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Can technology make us more spiritual?

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Only last month Xian’er, the first robotic Buddhist monk, was introduced to the world. His intended function is to help the increasingly tech-obsessed Chinese population to re-connect with their more spiritual side. But how useful is Xian’er as a solution and, in a wider sense, can technology help people re-connect with their spirituality?

76% of adults in Britain now own smartphones, while a study in China has found that smartphones are negatively affecting marriages and parenting. Smartphones and mobile technology are intruding on people’s social lives and everyday habits – where once using a phone in company was rude, it’s now increasingly and perhaps sadly, the norm.

Equally, what we do with our phones is changing: Over 32 million smartphones are purchased each year in the UK but fewer people are using their smartphones to make traditional calls. This changing use of phones is perceived by some as dangerous and impersonal – a voice call still consists of conversation, whereas the growing use of messenger services like WhatsApp and Facebook Messenger takes personal interaction out of the conversation.

Xian’er seems a fairly simplistic solution to this issue, though; he can recite mantras and answer a small number of questions about the Buddhist faith via a touch screen on his chest. This doesn’t seem to thoroughly address the issue, purely because of its limited scope, but are there technological options that could?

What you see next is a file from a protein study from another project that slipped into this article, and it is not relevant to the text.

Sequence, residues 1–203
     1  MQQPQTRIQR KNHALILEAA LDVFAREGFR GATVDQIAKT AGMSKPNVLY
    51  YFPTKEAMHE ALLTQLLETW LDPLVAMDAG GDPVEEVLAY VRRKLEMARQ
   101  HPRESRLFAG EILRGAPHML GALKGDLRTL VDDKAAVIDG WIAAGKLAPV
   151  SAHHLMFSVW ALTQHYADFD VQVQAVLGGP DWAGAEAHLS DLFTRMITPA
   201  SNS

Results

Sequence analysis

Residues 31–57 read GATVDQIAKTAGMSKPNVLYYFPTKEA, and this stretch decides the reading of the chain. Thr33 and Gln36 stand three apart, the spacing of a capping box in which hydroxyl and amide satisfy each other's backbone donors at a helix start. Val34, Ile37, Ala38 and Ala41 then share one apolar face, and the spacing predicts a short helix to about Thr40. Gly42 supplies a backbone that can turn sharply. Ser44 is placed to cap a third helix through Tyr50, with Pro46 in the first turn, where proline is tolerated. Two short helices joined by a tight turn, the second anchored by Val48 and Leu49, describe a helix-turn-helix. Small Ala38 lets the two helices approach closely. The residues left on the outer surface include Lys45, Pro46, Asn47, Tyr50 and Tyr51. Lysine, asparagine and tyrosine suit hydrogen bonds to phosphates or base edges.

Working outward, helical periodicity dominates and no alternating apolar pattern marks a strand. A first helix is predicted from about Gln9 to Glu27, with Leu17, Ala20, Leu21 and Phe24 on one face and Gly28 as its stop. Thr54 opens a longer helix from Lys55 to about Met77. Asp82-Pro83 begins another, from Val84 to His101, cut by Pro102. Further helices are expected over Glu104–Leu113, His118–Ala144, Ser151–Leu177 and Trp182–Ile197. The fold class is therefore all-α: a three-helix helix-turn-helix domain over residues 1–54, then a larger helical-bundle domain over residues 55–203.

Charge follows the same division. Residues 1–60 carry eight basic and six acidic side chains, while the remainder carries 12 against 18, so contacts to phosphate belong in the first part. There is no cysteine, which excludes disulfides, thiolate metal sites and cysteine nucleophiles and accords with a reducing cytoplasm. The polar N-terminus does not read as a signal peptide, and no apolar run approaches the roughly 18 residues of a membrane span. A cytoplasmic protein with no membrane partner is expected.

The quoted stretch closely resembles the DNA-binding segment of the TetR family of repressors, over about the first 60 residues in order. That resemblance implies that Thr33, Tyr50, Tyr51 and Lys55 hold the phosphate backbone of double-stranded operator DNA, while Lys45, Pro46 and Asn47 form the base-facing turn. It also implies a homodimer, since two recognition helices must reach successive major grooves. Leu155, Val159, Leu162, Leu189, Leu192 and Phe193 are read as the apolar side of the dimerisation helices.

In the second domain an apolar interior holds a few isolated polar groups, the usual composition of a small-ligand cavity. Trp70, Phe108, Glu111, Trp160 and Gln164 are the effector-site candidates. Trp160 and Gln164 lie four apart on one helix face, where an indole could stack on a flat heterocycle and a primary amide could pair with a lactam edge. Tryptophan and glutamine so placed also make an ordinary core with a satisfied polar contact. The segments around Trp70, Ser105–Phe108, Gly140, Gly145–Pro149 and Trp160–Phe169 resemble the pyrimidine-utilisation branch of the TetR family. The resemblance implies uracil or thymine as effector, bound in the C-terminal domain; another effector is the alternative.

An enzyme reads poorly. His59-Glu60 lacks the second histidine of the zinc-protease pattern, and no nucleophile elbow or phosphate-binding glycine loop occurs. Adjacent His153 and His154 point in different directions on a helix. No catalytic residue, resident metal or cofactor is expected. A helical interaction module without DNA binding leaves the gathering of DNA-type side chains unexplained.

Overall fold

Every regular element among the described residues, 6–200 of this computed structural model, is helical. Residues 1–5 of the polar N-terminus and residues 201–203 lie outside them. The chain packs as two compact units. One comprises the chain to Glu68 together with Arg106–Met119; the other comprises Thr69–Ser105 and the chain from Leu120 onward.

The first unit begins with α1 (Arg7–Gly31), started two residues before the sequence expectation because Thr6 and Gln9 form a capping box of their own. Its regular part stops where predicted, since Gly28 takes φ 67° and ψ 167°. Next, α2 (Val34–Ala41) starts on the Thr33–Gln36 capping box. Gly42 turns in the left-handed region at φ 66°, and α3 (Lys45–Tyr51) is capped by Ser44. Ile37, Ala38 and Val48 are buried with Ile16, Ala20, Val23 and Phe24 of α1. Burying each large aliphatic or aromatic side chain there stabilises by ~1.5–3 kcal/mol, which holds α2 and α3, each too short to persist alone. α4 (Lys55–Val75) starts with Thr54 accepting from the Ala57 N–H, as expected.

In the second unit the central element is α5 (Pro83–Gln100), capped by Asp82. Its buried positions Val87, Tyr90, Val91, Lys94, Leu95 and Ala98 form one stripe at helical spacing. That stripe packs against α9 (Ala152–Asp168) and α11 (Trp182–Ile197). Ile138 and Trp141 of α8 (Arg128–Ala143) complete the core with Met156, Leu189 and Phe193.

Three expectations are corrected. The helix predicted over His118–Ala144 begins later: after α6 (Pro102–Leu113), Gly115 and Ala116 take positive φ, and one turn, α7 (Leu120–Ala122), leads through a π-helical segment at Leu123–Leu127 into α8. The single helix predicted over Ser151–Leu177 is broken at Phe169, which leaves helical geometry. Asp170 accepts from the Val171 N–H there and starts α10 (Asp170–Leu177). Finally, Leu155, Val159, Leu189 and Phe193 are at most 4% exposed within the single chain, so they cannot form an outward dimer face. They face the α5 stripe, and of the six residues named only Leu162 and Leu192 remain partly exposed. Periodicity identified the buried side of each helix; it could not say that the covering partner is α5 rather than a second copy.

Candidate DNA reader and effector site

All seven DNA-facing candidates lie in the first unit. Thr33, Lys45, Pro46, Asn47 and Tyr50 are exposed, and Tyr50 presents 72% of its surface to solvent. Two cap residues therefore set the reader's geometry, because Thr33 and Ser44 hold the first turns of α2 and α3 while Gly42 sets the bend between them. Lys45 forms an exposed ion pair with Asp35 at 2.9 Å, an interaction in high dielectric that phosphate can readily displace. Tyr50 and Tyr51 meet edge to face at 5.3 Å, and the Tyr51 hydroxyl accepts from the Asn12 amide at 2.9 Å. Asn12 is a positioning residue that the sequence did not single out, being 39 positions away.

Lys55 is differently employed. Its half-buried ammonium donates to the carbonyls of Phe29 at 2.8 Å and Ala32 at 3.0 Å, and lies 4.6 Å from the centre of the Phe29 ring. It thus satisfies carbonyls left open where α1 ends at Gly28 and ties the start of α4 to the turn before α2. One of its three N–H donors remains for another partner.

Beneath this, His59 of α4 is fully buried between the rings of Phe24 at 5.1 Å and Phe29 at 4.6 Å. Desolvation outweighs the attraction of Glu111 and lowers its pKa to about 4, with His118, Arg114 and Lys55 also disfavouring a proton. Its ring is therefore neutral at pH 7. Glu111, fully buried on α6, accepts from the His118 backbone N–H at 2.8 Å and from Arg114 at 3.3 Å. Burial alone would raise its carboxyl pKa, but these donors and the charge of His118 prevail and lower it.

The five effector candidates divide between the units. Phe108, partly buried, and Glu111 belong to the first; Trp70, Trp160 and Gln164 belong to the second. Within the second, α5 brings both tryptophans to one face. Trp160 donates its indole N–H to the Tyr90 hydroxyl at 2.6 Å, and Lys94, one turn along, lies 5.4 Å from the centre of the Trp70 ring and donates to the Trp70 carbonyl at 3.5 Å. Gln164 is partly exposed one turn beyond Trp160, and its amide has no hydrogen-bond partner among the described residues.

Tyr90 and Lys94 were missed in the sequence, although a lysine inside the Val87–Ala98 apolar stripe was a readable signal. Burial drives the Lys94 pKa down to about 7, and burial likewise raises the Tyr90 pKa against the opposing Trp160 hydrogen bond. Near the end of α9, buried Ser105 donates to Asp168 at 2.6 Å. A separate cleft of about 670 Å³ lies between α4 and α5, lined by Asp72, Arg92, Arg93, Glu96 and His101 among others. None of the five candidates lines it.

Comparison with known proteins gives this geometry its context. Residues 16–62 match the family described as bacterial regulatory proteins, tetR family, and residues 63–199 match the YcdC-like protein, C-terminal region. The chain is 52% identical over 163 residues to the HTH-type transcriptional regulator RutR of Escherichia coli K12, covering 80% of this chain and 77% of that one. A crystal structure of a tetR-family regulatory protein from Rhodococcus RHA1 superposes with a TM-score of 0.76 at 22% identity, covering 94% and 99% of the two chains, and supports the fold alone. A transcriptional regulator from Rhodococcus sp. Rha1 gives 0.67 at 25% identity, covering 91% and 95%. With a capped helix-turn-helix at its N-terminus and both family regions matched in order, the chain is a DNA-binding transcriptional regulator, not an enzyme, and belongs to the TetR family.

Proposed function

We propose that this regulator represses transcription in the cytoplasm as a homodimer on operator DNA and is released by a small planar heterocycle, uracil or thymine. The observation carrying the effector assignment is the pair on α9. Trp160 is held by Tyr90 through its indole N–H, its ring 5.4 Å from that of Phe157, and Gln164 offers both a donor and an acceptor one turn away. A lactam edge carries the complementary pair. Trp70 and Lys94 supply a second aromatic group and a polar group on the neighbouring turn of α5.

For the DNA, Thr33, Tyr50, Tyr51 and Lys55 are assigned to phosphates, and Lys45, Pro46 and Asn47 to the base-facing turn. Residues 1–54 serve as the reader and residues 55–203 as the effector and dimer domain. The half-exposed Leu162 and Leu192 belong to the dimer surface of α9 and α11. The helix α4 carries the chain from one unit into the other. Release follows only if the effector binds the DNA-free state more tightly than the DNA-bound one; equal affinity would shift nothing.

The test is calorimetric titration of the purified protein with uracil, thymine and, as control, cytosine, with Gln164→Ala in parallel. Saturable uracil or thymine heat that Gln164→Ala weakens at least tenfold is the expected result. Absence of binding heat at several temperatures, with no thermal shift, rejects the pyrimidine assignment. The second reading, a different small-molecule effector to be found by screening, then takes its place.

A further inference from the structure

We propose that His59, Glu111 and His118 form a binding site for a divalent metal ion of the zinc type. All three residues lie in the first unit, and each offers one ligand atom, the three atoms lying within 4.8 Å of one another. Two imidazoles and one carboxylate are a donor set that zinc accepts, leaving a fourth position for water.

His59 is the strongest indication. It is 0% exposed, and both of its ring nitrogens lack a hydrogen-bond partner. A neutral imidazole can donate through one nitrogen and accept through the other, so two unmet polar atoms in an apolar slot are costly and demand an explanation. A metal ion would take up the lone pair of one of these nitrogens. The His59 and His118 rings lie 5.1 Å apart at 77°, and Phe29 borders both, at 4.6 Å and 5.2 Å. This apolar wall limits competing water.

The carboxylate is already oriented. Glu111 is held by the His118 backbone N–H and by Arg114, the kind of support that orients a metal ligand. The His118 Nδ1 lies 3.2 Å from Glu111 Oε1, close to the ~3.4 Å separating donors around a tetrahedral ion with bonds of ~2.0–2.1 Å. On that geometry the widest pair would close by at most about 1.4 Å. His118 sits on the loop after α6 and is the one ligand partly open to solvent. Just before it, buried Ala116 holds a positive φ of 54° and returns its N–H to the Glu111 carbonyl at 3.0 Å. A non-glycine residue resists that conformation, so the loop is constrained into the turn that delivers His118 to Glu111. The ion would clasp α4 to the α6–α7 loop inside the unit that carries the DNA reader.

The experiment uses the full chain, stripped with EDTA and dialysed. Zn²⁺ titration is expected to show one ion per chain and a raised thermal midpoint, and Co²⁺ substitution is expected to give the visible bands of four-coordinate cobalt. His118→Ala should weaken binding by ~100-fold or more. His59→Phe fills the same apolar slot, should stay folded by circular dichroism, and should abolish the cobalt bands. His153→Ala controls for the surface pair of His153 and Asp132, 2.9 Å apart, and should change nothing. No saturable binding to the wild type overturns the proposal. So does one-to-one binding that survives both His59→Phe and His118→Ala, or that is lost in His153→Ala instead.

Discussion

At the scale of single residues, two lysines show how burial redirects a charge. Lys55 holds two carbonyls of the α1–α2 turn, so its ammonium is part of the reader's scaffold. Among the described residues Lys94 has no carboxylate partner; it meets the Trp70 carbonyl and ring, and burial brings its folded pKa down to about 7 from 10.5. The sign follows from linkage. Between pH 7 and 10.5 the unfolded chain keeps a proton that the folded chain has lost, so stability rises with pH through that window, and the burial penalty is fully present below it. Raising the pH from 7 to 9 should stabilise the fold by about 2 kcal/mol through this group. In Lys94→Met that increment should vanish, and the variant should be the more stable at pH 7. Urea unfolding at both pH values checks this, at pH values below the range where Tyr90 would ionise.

One technological innovation that’s attempting to improve people’s lives in a similar way is the growing trend of ‘wellbeing apps’. Apps like Headspace and Expereal attempt to help people deal with mood swings, attention deficit and similar issues, while other apps offer help monitoring sleep cycles or keeping mood diaries.

Increasing media attention is aimed at mental health and psychological wellbeing (last week was Mental Health Awareness Week), and equally more and more resources are being devoted to developing wellbeing products like these apps. Some encourage meditation, some offer a psychological explanation for mood swings and some offer help structuring our lives so that the things that make us happy and encourage our bodies to produce important chemicals like Serotonin, find a slot in our everyday schedules.

While these apps aren’t religiously focused like Xian’er, they do fulfil a similar role of helping people to re-connect with their spiritual selves and think about their own happiness, rather than being distracted by the constant stream of media our mobile devices increasingly offer.

A central issue with Xian’er and similar solutions is the fact that, for many, technology and religion are entirely disassociated. Religion and spirituality are inherently hard to attach to material things and as a result a robotic Buddhist monk seems comedic and gimmicky.

Wellness apps manage to side-step this because they aren’t explicitly religious despite the fact that many of the things they encourage, i.e. meditation, are inherently religious practices.

Overall wellbeing apps do show that tech can make a constructive addition to people’s spiritual side, but whether religious solutions like Xian’er will catch on remains to be seen. Given the amount of click-bait, advertising that saturates our consumption of mobile media, the idea of smartphones being used as a self-help tool or spiritual guide is a refreshing one, and one that will hopefully continue to provide innovative uses for such tech.

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